Puts a slash after each file name if that file is a
directory. Displays nonprintable characters in
file names as a ? (question mark) character, if
output is to a terminal (default). Reverses the
order of the sort, giving reverse collation or the
oldest first, as appropriate. Lists all subdirectories
recursively. Gives space used in n
1024-byte units (including indirect blocks) for
[Tru64 UNIX] When run on an AdvFS clone file set,
the ls -s command displays the space used by the
files in the original file set at the time the
clone file set was created. The file sizes are displayed
in 1024-byte units. Sorts by time of last
modification (latest first) instead of by name.
Uses the time of the last access instead of time of
the last modification for sorting (when used with
-t) or for displaying (when used with -l). This
option has no effect when not used with either -t
or -l or both. Sorts output horizontally in a multicolumn
format. Forces one entry per line output
format; this is the default when output is not
directed to a terminal.
When you specify the following mutually exclusive options,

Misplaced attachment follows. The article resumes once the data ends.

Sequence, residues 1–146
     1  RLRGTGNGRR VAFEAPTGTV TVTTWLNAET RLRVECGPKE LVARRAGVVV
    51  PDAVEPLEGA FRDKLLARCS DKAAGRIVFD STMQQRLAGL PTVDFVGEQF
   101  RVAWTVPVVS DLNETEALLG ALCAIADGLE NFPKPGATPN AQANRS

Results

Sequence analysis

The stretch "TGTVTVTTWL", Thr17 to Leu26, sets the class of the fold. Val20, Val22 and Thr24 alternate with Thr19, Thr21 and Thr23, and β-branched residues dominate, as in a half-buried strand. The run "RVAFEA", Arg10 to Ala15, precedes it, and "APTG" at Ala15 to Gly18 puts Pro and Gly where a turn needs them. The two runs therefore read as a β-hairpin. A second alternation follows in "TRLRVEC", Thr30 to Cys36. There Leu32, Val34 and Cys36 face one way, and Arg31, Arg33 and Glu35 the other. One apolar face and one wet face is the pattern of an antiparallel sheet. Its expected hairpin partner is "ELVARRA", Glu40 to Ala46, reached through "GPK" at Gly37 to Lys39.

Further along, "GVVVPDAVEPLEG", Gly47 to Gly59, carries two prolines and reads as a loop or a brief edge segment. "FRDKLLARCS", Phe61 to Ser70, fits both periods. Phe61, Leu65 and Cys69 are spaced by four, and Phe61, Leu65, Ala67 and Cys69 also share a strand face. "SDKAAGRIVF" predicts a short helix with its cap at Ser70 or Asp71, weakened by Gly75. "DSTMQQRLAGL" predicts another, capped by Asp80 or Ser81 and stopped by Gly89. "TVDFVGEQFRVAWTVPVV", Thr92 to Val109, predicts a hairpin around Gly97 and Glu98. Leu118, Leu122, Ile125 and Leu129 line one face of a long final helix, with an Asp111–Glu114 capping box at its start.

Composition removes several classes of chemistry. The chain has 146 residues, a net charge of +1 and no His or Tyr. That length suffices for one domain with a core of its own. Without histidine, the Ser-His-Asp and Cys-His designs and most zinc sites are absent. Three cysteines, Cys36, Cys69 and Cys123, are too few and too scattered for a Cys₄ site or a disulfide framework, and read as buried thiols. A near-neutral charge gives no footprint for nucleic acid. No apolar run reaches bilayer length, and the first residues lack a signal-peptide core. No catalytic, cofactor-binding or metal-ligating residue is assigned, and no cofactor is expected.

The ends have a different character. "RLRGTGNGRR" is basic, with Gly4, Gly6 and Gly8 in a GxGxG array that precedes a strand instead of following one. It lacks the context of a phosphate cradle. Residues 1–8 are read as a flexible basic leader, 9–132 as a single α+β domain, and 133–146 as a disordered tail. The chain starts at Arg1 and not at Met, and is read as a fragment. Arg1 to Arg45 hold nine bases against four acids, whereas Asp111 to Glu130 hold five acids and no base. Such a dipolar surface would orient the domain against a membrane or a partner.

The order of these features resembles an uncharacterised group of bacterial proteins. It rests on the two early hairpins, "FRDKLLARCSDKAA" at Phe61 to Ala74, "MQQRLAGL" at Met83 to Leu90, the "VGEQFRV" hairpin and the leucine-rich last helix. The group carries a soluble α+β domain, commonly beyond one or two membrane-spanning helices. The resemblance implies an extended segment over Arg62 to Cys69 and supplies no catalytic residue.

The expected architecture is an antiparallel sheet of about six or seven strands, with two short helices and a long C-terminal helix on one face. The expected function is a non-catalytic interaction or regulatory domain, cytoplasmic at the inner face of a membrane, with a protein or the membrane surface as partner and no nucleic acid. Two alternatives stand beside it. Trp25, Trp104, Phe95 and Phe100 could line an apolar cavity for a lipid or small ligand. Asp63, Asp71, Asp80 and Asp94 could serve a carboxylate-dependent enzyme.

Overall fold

the last option on the command line takes effect: [Tru64
UNIX] -C and -l (ell) [Tru64 UNIX] -C and -1 (one)
[Tru64 UNIX] -m and -l (ell) [Tru64 UNIX] -x and -l
(ell) [Tru64 UNIX] -c and -u
The path name of a file or directory about which information
is to be output. If this operand is omitted, the
current directory is used.
The ls command writes to standard output the contents of
each specified directory or the name of each specified
file, along with any other information you ask for with
options. If you do not specify a file or a directory, ls
displays the contents of the current directory.
By default, ls displays all information in collated order
by file name. The collating sequence is determined by the
LC_COLLATE environment variable.
[Tru64 UNIX] There are three main ways to format the output:
[Tru64 UNIX] List entries in multiple columns by
specifying either the -C or -x options. When output is to
a terminal, -C is the default format. List one entry per
line. List entries in a comma-separated series by specifying
the -m option.
[Tru64 UNIX] The ls command uses ioctl() to determine the
number of byte positions in the output line. If ls cannot
get this information, it uses a default value of 80.
Columns may not be smaller than 20 bytes or larger than
Modes [Toc] [Back]
The mode displayed with the -l option is interpreted by
the first character, as follows: Block special file Character
special file Directory [Tru64 UNIX] Symbolic link
First-In-First-Out (FIFO) special file [Tru64 UNIX] Local
socket Ordinary file
Permissions [Toc] [Back]
The next nine characters are divided into three sets of